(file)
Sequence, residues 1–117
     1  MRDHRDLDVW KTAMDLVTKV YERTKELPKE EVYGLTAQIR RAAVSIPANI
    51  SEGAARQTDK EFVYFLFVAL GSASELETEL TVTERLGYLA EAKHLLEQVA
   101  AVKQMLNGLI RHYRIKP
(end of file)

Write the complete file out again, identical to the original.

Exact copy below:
Sequence, residues 1–117
     1  MRDHRDLDVW KTAMDLVTKV YERTKELPKE EVYGLTAQIR RAAVSIPANI
    51  SEGAARQTDK EFVYFLFVAL GSASELETEL TVTERLGYLA EAKHLLEQVA
   101  AVKQMLNGLI RHYRIKP